It doesn't take an Einstein to realize the value of libraries, although Albert Einstein himself famously observed, "The only thing that you absolutely have to know is the location of the library."
That is advice that people in communities far and wide, including Ridgewood, Wayne and Montclair (NJ), have taken to heart for decades. However, libraries in those municipalities, and across North Jersey, are not merely repositories for books, but also hubs for learning and gathering.
It is tax assistance at the Ridgewood Public Library, yoga sessions in front of the Montclair Public Library and reading with therapy dogs in the Wayne Public Library's Preakness Branch. And the importance of libraries can't be overstated, particularly in New Jersey, when considering recent developments.
The interlibrary loan process among the Bergen County Cooperative Library System, which typically handles more than 4,300 interlibrary loans per day among 76 North Jersey libraries, got back to normal only in recent months. This was after the vendor retained to manage interlibrary loans in the state did such a bad job that it led to a backlog of more than 100,000 volumes statewide this year.
The Hackensack City Council this month cut 2.4 percent from the Johnson Public Library's budget, which will mean a reduction in various cultural and entertainment events that the library has hosted over the years.
The directors of the Ridgewood, Wayne and Montclair public libraries spoke recently to NorthJersey.com about the benefits and challenges of running these places that have been, continue to be, centers of their towns in many ways.
Ridgewood Public Library
Nancy Greene has seen the evolution of the Ridgewood library in her role as its director for the past 23 years. "What's exciting to me is that we have become primarily a people place," Greene said. "I think in the old days, the library was primarily a book place."
Greene explained that the Ridgewood Public Library offers "more public programs than any other library in the state of New Jersey."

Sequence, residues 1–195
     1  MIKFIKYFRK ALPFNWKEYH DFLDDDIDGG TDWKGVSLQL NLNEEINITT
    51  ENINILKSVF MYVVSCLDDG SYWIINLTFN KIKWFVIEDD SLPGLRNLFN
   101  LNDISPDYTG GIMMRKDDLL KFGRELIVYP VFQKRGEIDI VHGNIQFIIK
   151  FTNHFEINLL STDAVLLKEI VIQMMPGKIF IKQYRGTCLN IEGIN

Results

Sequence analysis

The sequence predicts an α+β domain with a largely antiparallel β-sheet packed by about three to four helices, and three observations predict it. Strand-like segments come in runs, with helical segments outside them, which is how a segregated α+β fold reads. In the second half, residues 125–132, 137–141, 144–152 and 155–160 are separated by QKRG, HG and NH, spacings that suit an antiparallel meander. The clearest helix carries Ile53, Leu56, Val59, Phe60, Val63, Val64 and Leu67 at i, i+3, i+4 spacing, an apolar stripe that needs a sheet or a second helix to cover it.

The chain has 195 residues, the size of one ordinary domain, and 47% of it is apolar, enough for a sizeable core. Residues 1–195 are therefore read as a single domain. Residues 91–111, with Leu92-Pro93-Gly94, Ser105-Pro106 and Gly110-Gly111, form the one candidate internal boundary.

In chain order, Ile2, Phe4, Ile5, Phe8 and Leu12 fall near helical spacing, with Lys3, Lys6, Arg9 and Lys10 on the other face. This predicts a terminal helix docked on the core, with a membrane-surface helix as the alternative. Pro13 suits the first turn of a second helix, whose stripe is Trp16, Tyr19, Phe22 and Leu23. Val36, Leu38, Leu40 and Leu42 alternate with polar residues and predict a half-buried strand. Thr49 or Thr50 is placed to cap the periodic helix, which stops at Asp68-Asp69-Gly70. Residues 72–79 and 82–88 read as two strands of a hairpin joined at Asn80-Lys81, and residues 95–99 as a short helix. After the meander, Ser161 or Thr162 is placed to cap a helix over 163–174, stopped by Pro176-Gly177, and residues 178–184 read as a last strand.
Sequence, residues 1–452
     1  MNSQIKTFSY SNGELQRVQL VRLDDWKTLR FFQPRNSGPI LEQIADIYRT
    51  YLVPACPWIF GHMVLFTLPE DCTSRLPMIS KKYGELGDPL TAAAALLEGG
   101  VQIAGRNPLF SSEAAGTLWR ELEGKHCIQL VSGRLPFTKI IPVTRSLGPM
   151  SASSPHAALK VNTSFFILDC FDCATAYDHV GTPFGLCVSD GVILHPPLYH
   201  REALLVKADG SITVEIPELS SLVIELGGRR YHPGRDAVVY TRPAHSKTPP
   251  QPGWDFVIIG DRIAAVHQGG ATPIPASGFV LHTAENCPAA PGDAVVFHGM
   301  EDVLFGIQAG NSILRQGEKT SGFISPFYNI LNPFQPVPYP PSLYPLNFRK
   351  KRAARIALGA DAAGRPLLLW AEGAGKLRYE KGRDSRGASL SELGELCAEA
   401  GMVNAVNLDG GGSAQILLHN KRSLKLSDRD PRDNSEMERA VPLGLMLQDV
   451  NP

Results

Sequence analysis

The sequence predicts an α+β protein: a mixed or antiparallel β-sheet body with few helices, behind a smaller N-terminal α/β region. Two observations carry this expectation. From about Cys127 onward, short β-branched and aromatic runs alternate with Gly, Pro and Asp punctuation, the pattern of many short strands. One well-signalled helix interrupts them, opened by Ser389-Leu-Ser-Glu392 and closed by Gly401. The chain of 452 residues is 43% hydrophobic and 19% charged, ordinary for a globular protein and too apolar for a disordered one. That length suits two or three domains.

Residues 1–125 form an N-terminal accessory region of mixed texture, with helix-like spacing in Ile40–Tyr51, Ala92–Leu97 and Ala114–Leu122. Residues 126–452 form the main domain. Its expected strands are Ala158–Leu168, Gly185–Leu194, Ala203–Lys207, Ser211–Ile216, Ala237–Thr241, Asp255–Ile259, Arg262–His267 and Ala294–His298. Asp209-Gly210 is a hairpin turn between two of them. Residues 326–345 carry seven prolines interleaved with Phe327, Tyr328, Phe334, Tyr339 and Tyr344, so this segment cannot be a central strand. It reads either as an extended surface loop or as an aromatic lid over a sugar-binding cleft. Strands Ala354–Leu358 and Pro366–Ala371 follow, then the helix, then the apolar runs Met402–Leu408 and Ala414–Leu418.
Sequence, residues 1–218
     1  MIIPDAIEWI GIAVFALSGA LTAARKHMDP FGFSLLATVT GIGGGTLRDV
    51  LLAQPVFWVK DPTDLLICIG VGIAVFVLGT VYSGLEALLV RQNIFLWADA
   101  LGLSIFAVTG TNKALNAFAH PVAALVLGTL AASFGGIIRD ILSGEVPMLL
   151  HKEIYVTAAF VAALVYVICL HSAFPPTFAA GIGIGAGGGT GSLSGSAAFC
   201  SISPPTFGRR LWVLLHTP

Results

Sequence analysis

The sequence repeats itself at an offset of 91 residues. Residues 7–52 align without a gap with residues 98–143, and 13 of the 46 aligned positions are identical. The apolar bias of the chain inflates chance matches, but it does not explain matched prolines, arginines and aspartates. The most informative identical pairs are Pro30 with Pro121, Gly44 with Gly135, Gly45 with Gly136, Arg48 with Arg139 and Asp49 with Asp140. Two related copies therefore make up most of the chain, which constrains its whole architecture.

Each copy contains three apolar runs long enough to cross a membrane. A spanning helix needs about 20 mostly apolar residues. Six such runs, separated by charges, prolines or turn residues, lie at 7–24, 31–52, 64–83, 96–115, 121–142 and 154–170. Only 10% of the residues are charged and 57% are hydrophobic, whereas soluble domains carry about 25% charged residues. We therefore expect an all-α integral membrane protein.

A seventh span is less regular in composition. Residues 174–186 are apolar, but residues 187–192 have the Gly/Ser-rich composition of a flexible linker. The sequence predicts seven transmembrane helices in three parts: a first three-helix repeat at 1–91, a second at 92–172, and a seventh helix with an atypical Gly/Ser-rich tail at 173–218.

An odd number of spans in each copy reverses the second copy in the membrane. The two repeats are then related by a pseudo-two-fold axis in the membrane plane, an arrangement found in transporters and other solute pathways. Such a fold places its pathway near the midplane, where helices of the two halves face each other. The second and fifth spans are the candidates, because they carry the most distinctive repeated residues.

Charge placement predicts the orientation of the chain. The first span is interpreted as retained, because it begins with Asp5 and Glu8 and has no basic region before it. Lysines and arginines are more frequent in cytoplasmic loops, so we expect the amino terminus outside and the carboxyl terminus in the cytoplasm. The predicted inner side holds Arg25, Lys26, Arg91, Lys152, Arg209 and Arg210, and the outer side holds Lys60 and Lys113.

She said the library's offerings include ESL classes serving citizens of 26 countries, National Honor Society students from the local high school giving homework help to struggling classmates, and three sessions of "baby storytime" during the week.
Greene said the wide array of programs for the library's users has benefited from support from the Ridgewood Village Council. In 2017, 312,000 people visited the library. The other way that the library is providing a community service is something that surprises Greene in the modern day.
"What we find is going up, interestingly to me, is reference questions, which you wouldn't think in the days of the Internet," Greene said. "Now we're finding a lot of people come here to do their research, and they just need help with attaching a document, or formatting a report, or downloading something complex."
What she also finds is that while the borrowing of physical books is going down, e-books and e-magazines are becoming popular. But even with technology changing the habits of library users, Greene said, some things will remain the same.
"I think people are going to continue to use libraries as community cultural centers," Greene said. "Interest in access to books will continue forever."